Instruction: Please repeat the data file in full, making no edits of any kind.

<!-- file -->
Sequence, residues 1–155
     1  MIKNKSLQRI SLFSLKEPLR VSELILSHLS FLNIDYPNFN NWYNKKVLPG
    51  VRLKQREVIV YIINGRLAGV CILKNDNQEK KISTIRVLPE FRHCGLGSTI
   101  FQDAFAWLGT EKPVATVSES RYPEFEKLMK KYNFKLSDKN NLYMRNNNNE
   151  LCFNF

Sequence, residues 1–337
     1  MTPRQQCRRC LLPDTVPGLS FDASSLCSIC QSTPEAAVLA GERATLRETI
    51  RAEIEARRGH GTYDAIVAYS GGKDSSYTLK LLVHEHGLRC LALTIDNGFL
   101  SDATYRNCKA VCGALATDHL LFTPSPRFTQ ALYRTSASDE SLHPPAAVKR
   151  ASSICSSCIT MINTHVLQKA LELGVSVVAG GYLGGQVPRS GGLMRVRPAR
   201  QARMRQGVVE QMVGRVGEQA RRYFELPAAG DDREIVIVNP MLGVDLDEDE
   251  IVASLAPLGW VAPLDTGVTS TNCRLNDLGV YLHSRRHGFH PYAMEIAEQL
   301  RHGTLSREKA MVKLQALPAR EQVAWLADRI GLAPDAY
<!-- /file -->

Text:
Sequence, residues 1–155
     1  MIKNKSLQRI SLFSLKEPLR VSELILSHLS FLNIDYPNFN NWYNKKVLPG
    51  VRLKQREVIV YIINGRLAGV CILKNDNQEK KISTIRVLPE FRHCGLGSTI
   101  FQDAFAWLGT EKPVATVSES RYPEFEKLMK KYNFKLSDKN NLYMRNNNNE
   151  LCFNF

Sequence, residues 1–337
     1  MTPRQQCRRC LLPDTVPGLS FDASSLCSIC QSTPEAAVLA GERATLRETI
    51  RAEIEARRGH GTYDAIVAYS GGKDSSYTLK LLVHEHGLRC LALTIDNGFL
   101  SDATYRNCKA VCGALATDHL LFTPSPRFTQ ALYRTSASDE SLHPPAAVKR
   151  ASSICSSCIT MINTHVLQKA LELGVSVVAG GYLGGQVPRS GGLMRVRPAR
   201  QARMRQGVVE QMVGRVGEQA RRYFELPAAG DDREIVIVNP MLGVDLDEDE
   251  IVASLAPLGW VAPLDTGVTS TNCRLNDLGV YLHSRRHGFH PYAMEIAEQL
   301  RHGTLSREKA MVKLQALPAR EQVAWLADRI GLAPDAY